Spotlight on Technique: Aran
The Aran sweater has been seen on everyone from Steve McQueen to Katie Holmes.
These iconic Aran knitted pullovers or sweaters have vertical panels that contain different but complimentary stitch patterns. Typically, narrower panels with symmetrical cable patterns surround a showpiece center panel. In the past, the complex textured stitch patterns often reflected elements of the Celtic arts, such as crosses or trinity symbols.
Originating from the Aran Islands, a group of small islands in the Galway Bay just off the west coast of Ireland. Not to be confused with the Isle of Arran, off the west coast of Scotland. Many think that the Aran sweater is centuries old like Guernsey or Fairisle technique, in fact this pattern was created in the early 1900s. Ever since the 17th Century, hand-knitting was essential for maintaining community spirit and producing their colourful traditional dress. Women and girls came together to knit accessories and later garments from memory, none of their intricate patterns were ever written down. Aran knitters were known for the complexity of their designs and their ingenuity.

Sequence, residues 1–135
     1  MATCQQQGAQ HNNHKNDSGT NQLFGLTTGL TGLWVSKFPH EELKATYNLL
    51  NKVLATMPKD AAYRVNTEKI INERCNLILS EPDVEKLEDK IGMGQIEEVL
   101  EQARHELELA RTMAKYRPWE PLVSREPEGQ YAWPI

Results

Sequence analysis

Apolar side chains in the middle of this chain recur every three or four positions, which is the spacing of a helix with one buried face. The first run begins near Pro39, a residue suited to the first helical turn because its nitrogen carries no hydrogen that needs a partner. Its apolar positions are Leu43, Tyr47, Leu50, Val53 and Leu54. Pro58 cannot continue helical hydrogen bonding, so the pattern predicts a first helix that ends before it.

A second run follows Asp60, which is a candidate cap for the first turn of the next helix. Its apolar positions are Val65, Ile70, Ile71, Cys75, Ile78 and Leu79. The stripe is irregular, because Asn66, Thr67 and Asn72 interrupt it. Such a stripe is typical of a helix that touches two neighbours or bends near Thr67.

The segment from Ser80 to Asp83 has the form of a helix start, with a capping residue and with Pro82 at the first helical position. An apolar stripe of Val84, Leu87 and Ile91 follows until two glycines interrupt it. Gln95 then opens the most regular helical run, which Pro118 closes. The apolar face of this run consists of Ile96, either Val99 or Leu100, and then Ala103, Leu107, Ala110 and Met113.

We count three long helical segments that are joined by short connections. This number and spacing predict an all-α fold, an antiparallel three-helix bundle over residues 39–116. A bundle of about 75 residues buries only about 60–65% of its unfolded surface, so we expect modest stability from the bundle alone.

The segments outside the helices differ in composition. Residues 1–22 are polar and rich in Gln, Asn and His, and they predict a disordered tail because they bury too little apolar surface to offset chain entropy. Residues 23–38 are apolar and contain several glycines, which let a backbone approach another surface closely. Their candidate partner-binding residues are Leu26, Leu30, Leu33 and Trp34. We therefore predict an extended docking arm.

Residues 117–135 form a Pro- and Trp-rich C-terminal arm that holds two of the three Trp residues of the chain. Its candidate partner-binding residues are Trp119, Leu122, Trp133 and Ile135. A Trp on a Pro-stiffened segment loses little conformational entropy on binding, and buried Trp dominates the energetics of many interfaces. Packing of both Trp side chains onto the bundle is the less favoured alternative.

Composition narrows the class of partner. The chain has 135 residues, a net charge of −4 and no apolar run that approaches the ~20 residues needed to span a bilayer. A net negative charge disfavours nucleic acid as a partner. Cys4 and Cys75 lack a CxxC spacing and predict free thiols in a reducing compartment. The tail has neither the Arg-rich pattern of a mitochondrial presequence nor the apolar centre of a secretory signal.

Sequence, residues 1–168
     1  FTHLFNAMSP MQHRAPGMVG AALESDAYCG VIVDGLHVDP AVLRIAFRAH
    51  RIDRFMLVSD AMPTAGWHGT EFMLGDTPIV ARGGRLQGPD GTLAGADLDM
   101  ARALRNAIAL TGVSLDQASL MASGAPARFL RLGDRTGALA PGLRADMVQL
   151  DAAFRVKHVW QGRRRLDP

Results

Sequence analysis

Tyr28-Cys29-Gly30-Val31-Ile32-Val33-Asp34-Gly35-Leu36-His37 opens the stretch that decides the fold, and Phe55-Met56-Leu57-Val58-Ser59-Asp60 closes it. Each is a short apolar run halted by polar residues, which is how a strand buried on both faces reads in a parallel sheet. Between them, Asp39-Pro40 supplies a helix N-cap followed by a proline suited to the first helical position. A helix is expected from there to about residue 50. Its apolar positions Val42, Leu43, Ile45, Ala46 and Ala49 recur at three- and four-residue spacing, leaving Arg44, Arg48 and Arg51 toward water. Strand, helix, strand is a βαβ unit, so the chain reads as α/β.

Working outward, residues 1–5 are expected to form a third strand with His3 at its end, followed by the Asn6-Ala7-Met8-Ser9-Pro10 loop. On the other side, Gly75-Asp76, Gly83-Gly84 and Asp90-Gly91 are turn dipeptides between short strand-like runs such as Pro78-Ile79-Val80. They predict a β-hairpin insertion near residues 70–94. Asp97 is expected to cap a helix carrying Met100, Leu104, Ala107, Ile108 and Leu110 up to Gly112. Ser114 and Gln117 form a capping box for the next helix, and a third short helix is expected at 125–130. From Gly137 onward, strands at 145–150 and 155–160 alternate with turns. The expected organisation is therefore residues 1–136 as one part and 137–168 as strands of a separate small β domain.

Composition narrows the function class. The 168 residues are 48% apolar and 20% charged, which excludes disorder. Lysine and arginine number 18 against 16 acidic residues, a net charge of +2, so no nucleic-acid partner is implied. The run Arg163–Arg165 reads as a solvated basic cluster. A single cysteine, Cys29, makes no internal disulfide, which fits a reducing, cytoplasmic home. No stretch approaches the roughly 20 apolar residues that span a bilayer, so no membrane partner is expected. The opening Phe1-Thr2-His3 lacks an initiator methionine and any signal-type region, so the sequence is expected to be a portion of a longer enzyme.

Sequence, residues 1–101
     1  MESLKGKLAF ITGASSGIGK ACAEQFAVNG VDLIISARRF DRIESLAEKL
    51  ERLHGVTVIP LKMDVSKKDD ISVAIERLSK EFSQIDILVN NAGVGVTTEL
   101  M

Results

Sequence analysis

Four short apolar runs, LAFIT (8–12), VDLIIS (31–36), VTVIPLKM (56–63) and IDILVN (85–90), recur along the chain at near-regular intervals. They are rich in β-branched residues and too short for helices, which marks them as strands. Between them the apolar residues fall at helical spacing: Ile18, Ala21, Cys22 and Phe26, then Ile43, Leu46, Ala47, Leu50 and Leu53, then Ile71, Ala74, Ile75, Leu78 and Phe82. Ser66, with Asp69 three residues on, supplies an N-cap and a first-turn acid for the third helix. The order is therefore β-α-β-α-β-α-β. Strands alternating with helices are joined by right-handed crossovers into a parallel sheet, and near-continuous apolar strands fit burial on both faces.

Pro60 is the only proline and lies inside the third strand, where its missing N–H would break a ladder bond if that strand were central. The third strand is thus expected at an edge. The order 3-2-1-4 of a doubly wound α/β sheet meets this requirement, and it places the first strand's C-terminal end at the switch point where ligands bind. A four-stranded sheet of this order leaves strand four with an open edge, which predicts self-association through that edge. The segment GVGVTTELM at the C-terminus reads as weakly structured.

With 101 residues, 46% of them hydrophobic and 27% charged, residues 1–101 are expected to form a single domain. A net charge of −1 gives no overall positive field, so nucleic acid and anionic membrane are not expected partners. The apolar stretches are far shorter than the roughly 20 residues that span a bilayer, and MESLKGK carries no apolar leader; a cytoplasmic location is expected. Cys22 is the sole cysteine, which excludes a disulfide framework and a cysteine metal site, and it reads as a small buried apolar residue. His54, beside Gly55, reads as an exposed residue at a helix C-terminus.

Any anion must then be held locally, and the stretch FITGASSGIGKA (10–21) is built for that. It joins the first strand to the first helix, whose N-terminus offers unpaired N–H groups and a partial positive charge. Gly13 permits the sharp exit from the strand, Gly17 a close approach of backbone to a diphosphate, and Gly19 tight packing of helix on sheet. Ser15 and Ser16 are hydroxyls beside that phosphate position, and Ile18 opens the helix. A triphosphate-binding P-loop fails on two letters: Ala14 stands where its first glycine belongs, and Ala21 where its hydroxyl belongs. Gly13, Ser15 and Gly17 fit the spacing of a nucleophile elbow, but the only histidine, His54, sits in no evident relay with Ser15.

It used to be said that drowned fisherman were identified by the patterns on their sweater, sadly this romantic notion has been disproven by Richard Rutt.
If you would like to read more about Aran Sweaters, we recommend: